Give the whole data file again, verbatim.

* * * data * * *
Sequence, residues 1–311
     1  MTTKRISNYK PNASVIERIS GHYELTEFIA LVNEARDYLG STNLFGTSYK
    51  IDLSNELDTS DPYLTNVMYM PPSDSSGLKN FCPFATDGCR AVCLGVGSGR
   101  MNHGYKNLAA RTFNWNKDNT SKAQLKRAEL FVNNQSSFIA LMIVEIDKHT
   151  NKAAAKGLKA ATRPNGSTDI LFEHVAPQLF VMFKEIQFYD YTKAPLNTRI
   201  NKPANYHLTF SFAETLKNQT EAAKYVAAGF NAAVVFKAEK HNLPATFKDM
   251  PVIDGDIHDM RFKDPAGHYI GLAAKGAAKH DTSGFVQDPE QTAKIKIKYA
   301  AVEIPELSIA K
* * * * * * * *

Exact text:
Sequence, residues 1–311
     1  MTTKRISNYK PNASVIERIS GHYELTEFIA LVNEARDYLG STNLFGTSYK
    51  IDLSNELDTS DPYLTNVMYM PPSDSSGLKN FCPFATDGCR AVCLGVGSGR
   101  MNHGYKNLAA RTFNWNKDNT SKAQLKRAEL FVNNQSSFIA LMIVEIDKHT
   151  NKAAAKGLKA ATRPNGSTDI LFEHVAPQLF VMFKEIQFYD YTKAPLNTRI
   201  NKPANYHLTF SFAETLKNQT EAAKYVAAGF NAAVVFKAEK HNLPATFKDM
   251  PVIDGDIHDM RFKDPAGHYI GLAAKGAAKH DTSGFVQDPE QTAKIKIKYA
   301  AVEIPELSIA K